Thanks to Eddie for his fine work with these sayings and pics. Click to enlarge
Archive for the ‘forgiveness’ Category
This post offers an illustration that inspires us about forgiveness. Ray Ortlund writes,
“Corrie ten Boom (1892-1983) was a Dutch Christian whose family rescued Jews during World War II. They were betrayed and arrested. Corrie and her sister Betsy were sent to a Nazi concentration camp. Betsy died there, but Corrie’s life was spared. Several years after the war, she was speaking on the subject of forgiveness at a Christian meeting. After the meeting, one of her former prison guards appeared out of the crowd and approached her. Here he was, with his hand outstretched to her: “Will you forgive me?” The sufferings he had inflicted were real. Corrie’s anguish was not her own hyper-sensitivity. The wrong was monstrous. And now he’s asking, “Will you forgive me?” Corrie wrote:
“I stood there with coldness clutching my heart . . . . I prayed, ‘Jesus, help me!’ Woodenly, mechanically I thrust my hand into the one stretched out to me, and I experienced an incredible thing. The current started in my shoulder, raced down into my arms and sprang into our clutched hands. Then this warm reconciliation seemed to flood my whole being, bringing tears to my eyes. ‘I forgive you, brother,’ I cried with my whole heart. For a long moment we grasped each other’s hands, the former guard, the former prisoner. I have never known the love of God so intensely as I did in that moment.”
Cf. Philip D. Douglass, “The Power of Forgiveness,” Covenant Magazine, February/March 1999, pages 8-9.”
Forgiveness is a very hard subject at times to think about and to really assess in our lives. In general, we know whether we have forgiven someone or not. But there are the hard cases, when we have been deeply hurt, that forgiveness is a much more sticky issue.
So when do you know if you have really forgiven someone.
Ron Edmonson offers five indicators:
- Is the first thought you have about them not about the injury they cause in your life?
- Ask yourself: Would you help them if you knew they were in trouble and you had the ability to help?
- Can you think positive thoughts about this person?
- Do you still think of getting even with this person?
- Have you stopped looking for them to fail?
If you want to learn more about these five, head over and read Ron’s full article. Worth your time if you struggle with this issue or know someone who does.
Are you looking for forgiveness today? Not the temporary kind but lasting and true and forever forgiveness? Where can you receive pardon for your sin?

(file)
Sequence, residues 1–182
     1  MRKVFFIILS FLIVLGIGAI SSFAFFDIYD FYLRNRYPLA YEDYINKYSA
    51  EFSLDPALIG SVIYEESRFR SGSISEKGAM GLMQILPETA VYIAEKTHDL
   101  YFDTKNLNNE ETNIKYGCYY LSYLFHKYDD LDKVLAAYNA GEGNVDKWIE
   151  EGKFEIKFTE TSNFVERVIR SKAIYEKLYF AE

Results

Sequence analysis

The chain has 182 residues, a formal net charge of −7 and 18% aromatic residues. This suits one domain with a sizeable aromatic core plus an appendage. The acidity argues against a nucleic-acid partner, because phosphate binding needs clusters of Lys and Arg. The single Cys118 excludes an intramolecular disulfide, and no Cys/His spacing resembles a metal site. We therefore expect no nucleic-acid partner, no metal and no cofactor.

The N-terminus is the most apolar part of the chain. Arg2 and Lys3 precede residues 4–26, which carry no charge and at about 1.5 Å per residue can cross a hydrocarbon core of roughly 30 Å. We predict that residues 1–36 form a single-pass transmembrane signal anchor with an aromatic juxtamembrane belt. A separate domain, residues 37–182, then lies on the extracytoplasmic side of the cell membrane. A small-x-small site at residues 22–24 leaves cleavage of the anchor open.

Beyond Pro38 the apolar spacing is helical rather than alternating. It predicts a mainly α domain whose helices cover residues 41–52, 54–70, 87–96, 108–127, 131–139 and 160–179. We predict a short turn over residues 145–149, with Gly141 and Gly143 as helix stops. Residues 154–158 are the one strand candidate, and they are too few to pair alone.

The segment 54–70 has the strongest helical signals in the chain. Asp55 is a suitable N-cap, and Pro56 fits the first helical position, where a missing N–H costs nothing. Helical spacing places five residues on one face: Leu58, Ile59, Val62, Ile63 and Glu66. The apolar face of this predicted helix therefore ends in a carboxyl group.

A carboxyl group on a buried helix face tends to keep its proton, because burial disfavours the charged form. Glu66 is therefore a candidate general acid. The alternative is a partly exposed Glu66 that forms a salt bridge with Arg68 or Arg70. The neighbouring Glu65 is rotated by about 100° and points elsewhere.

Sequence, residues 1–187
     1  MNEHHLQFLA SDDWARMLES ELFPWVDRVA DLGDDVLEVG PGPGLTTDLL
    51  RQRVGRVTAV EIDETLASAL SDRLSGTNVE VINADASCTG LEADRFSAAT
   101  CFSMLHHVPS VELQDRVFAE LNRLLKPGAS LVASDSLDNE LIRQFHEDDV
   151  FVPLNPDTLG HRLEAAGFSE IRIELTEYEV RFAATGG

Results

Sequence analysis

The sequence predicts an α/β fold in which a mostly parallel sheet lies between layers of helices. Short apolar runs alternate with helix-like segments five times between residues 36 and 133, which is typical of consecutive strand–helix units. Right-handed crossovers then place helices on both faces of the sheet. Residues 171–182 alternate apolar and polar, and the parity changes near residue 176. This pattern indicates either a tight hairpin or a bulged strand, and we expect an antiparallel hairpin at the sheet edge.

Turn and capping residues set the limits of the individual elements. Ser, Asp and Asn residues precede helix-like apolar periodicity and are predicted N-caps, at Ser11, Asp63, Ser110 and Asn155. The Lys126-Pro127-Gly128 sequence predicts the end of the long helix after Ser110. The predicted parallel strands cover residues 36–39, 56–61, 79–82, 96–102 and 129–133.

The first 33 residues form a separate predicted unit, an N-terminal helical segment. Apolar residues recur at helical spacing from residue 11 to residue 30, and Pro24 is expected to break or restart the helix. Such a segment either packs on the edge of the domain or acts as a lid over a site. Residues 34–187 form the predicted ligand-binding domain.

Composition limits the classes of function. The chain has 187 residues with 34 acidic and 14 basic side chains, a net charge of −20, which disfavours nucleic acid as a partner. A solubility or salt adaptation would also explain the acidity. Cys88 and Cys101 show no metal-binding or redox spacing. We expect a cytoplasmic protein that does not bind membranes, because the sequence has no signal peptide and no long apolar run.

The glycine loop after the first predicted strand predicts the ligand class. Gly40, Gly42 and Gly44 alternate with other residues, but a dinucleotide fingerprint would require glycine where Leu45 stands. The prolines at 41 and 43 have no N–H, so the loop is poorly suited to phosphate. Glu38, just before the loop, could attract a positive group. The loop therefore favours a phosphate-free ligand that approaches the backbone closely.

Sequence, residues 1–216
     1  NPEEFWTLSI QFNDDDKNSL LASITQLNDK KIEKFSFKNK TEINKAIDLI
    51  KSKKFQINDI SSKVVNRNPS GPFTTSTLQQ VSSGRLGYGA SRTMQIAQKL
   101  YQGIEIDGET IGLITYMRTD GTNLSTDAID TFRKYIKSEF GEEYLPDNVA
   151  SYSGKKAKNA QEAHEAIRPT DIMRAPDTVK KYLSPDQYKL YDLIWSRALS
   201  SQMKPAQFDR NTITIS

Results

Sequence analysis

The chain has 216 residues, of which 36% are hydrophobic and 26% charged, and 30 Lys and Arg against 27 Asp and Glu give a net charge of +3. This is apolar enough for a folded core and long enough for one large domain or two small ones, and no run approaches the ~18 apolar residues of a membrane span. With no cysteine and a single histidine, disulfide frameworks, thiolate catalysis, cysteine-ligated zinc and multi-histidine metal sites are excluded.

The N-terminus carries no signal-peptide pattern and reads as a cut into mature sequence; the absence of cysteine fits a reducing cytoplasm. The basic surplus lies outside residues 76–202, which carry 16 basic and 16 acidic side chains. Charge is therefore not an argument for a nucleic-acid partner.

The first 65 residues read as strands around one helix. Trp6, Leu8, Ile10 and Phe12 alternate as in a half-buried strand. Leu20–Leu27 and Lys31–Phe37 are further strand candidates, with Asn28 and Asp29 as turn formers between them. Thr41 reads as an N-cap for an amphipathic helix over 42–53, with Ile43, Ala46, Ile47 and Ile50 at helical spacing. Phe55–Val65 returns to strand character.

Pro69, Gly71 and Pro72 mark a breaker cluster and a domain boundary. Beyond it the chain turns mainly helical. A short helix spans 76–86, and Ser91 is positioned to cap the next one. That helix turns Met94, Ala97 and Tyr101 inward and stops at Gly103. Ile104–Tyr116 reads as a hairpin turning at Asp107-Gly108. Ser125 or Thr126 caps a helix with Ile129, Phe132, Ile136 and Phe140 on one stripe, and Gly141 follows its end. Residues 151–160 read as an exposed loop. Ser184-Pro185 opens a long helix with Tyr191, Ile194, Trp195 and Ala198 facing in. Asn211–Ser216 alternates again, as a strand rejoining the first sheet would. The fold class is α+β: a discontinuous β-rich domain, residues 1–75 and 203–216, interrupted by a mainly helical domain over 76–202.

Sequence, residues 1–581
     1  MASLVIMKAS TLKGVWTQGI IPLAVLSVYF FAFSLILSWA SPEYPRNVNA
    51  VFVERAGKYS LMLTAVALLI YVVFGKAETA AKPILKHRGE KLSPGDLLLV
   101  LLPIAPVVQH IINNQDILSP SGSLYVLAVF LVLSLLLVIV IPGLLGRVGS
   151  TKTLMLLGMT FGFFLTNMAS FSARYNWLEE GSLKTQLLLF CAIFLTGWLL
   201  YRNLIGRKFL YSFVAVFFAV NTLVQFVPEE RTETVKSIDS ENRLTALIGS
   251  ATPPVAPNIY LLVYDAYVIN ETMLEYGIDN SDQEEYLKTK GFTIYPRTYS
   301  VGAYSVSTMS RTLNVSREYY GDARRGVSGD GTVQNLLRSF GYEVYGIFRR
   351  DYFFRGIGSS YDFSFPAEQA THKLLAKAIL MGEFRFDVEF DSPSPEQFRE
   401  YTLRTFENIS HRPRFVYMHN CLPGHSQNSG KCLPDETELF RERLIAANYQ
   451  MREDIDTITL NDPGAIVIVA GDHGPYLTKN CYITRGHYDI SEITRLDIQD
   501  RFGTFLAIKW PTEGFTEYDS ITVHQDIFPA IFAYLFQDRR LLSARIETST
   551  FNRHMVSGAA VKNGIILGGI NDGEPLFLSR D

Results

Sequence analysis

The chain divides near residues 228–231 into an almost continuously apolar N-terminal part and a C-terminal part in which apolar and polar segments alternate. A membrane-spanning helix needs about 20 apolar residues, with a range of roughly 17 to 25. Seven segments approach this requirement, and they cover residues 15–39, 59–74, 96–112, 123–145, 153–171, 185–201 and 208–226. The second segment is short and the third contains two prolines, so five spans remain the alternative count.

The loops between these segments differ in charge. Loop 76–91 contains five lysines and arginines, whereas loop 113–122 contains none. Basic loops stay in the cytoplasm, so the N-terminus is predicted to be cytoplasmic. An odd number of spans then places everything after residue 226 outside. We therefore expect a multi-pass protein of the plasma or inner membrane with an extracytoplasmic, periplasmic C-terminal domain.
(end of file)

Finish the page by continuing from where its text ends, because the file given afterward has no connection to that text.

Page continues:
Ray Ortlund writes, “We swim every day in an ocean of criticism, negative scrutiny, accusation, finger-pointing, fault-finding, e.g., “Your carbon footprint is too big, you haven’t made up for the colonialism of the past, you aren’t feeding the starving millions as much as you can, you _________________.” Add on top of all that our unmistakably real sins and failures and weaknesses, as God himself judges them, and how can we live again, breathe again?”
J. C. Ryle’s counsel, based on God’s true word, gives the answer: “Where must a man go for pardon? Where is forgiveness to be found? There is a way both sure and plain . . . . That way is simply to trust in the Lord Jesus Christ as your Savior. It is to cast your soul, with all its sins, unreservedly on Christ — to cease completely from any dependence on your own works or doings, either in whole or in part — and to rest on no other work but Christ’s work, no other righteousness but Christ’s righteousness, no other merit but Christ’s merit, as your ground of hope. Take this course and you are a pardoned soul.”
I have benefitted from Ken Sande’ book The Peacemaker which has some great chapters on resolving conflict and seeking forgiveness as well as extending it to others. Another work that I have on my “to-read” list is Pleasing People by Lou Priolo. Reading Tim’s post on “The Heart of Forgiveness” encouraged me to read Priolo’s work sooner rather than later. In his post Challies quotes Priolo’s response to what does true forgiveness look like.
According to Priolo, true forgiveness looks something like this:
- Acknowledge that you have sinned. Let the party you’ve offended know that you acknowledge wrongdoing. This is humbling but necessary. Acknowledge not only that you sin and are a sinner but that you have actually sinned against this person.
- Identify your sin by its specific biblical name. Do not simply acknowledge generic sin but acknowledge specific sin and call it by its biblical name (which keeps you from acknowledging something society may label as sin but the Bible does not). This ensures that you have thought deeply about your sin and have seen how it fits into what the Bible calls sin.
- Acknowledge the harm your offense caused. This is also humbling. You must acknowledge that your sin has had consequences and that you are owning up not only to the sin but also to the harmful consequences your sin brought about.
- Demonstrate repentance by identifying an alternative biblical behavior. Show that you have truly considered your sin by explaining what you should have done instead. Show what the appropriate alternative behavior would have been.
- Ask for forgiveness. This puts the onus on the offended party to accept your repentance and to extend forgiveness to you. It completes the reconciliation between the offender and the one who has been offended.